WT 307 – Pinky Out Planing

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Today’s show is sponsored by Qalo. Visit Qalo.com, use the code WoodTalk and save 15% off your order.

On today’s show we’re talking about end grain orientation for panels, smoothing a bookmatched panel, scraping glue, and our featured topic, the Festool Domino vs the world!

What’s On the Bench

  • Marc misses his apprentice
  • Shannon sliced his finger up while planing
  • Matt is almost done with his trim job

What’s New

  • Lots of great stuff this month to give away at The WoodWhisperer giveaway
  • Check out the handheld router/CNC thingy called The Origin
  • The Samurai Woodworkers makes every other husband look bad with this jewelry box.
  • Check out Stinnett Sticks, a YouTube channel about carving very cool walking sticks.
  • This guy is like the Chinese Robin Wood!
  • Bob Flexner waxed (pun intended) curmudgeonly about the new code for Zinsser’s shelf life.

Kickback

  • Brian shared some advice on moving a planer
  • Keith has a tip for spalting your own wood.
  • Dual knocked his planer over and tells the story of its fall.

Poll of the Week

What is your favorite finish to spray?

Featured Topics

  • John wants to know why anyone would buy a mortising machine anymore now since the Festool Domino hit the market. Is there anything a mortiser can do that the Domino cannot?

Email

  • Paul wants to know if we alternate growth rings when gluing up a panel.
  • Michael wants to know how we scrape the glue off underneath a clamp.
  • Josh is getting tear out along the glue line of a bookmatched panel and wants to know how to deal with it.

How You Can Support Us

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11 Responses to “WT 307 – Pinky Out Planing”

  1. About the new sponsor, QALO – I went to the website to see if Marc was pronouncing the name correctly, and he is. It is unfortunate because the product name as pronounced – Kay Lo – is the same as an asbestos-containing pipe insulation manufactured by Owens-Illinois and Owens-Corning Fiberglass from the 1950’s to the early 1970’s that was linked to asbestos-related disease in hundreds of thousands of workers. Given the demographics of woodworkers, I wonder how many others will make the association. I assume that QALO did market research before it launched, but perhaps not.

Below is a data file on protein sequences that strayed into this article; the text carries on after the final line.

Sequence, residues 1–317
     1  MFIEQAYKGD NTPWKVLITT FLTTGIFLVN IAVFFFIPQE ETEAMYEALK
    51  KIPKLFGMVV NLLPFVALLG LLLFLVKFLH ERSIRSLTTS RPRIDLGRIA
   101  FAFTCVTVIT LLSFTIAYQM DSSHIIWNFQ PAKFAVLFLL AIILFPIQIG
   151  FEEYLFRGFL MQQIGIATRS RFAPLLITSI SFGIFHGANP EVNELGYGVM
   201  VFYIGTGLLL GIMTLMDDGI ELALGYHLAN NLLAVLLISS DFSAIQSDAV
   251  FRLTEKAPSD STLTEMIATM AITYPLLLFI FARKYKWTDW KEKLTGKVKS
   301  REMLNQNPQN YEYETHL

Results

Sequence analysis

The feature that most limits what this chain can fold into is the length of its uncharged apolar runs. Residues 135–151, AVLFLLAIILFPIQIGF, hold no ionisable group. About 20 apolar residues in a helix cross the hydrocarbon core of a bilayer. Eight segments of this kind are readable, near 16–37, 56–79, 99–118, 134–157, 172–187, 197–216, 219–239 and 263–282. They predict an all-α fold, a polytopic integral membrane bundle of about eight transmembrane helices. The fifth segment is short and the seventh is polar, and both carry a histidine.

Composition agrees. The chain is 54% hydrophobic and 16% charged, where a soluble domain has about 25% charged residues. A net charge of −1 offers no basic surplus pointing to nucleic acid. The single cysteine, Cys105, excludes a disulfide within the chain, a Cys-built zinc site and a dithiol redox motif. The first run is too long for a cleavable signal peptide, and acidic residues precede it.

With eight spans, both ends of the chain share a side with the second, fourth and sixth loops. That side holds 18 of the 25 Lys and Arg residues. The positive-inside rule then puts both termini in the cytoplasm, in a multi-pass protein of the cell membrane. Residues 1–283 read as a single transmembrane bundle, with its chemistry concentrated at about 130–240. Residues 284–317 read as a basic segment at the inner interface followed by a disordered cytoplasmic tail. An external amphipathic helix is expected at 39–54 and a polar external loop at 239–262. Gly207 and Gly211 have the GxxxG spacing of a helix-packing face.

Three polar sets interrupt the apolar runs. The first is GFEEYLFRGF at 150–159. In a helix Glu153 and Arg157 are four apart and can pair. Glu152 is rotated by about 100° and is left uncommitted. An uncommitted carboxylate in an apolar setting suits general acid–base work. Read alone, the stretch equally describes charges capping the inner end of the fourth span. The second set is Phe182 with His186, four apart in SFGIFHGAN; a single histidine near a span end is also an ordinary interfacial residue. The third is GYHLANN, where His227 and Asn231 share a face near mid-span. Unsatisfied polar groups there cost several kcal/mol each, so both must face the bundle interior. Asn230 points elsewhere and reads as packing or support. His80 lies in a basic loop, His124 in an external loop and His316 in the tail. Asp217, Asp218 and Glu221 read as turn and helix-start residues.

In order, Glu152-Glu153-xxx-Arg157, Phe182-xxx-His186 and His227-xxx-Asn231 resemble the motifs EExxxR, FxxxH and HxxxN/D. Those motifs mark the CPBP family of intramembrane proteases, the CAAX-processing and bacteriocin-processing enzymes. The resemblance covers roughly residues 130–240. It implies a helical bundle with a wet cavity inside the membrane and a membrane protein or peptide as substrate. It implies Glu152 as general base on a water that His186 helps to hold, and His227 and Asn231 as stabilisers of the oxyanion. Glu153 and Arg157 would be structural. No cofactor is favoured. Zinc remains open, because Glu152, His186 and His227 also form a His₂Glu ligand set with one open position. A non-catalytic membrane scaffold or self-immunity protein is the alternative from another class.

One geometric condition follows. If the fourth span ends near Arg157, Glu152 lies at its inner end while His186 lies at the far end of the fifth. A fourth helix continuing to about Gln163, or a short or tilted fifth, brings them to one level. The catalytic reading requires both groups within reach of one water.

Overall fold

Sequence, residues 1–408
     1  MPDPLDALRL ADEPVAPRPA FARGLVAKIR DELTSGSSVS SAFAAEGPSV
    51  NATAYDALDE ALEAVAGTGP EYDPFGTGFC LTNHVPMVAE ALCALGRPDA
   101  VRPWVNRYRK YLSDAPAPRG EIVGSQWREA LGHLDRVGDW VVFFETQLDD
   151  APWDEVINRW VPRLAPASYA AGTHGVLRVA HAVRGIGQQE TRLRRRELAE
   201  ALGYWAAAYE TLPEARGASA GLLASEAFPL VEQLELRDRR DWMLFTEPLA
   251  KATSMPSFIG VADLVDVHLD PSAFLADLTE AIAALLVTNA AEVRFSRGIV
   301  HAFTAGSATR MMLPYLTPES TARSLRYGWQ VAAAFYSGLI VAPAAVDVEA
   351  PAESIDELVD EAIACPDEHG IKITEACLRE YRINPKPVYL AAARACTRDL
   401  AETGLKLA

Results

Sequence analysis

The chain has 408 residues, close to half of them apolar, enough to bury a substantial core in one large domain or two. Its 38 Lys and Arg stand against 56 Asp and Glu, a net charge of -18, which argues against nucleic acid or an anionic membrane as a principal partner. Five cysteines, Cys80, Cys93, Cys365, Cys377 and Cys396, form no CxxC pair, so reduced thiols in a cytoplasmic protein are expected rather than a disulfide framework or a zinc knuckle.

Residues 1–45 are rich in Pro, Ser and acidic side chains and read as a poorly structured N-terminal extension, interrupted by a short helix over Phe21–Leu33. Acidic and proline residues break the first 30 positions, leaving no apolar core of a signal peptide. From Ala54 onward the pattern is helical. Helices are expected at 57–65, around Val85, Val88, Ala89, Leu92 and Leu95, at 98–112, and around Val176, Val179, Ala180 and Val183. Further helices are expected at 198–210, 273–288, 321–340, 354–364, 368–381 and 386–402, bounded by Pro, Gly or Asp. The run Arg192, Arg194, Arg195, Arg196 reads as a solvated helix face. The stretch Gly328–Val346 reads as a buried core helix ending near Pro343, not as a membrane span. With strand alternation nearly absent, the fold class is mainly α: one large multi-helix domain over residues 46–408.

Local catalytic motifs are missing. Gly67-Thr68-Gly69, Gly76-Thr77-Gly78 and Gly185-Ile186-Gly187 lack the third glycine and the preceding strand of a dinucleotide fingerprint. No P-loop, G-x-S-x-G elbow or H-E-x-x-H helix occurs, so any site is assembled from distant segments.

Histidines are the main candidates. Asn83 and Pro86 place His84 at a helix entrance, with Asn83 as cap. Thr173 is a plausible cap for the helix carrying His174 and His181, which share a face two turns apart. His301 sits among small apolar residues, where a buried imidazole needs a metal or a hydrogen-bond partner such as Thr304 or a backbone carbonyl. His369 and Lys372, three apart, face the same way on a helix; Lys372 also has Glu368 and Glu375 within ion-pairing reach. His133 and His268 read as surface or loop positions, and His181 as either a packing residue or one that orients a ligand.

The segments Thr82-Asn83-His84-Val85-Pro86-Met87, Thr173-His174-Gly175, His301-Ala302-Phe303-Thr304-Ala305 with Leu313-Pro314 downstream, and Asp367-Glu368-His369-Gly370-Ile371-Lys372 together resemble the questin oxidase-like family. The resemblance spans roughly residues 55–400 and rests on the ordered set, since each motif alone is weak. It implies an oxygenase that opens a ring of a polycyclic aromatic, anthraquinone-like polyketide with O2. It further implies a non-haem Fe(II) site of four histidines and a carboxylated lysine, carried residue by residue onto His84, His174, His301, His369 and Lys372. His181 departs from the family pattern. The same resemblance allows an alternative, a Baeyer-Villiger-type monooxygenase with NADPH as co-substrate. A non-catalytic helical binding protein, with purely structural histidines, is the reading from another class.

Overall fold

2. From a production standpoint, the hollow chisel mortiser and the domino are two different tools. Aside from the obvious point of square vs round mortises, a hollow chisel mortiser can handle a greater depth mortise cut, as well as a greater distance mortise from the fence in most cases. There is also the opportunity for easier repeatability with setting up stop on a fence on the hollow chisel mortiser, which is very important in batch work, but not as important for most home based woodworkers.

    Another thing that a hollow chisel mortiser can do, that I don’t ever see is you can rotate the chisel for off 90 degree mortises. We have used this for making louvered doors before.

    Obviously most any of these could be worked around with a variation in joinery details with a domino, but if we’re talking about differences, the biggest ones I see are in repeat-ability and efficiency for making more traditional mortise and tenon joinery. Also to Mark’s point, I believe there is a cost savings between a bench top mortiser vs a domino. I think it is also worth mentioning in this discussion the existence of the drill press add on kits for hollow chisel mortising, from the cost savings stand point.

    That being said, I believe there is a place for each in your shop based on what you like to build.

    • I know, isn’t that terrible?? Its the end of my childhood!! Ironically I learned of this while typing up the show notes for this episode. I was listening to the Current Geek podcast and they announced the news. And QR codes? Whats up with that choice?

  3. Hey mark, matt c., and shannon; so to my surprise my daughter jordan and I were hangin out in the shop as we do every evening listening to woodtalk and other videos from the three of you and to my shocking surprise apparently my daughter wrote in and i was graced with a shoutout!! Very cool guys thanks a million it was great. I think woodtalk and your websites are the best thing going for education of woodworking. Well rounded information. I guess now the least i can do is earn my shoutout and make a support donation. Thanks again for everything. Brock

  4. I often like to do pegged tenons. You can still do them for “the look” if the mortise-and-tenon is done with a Festool and floating tenon. But for a stronger joint (mechanical + glue), a mortise and tenon with an integral pegged tenon is a better choice.

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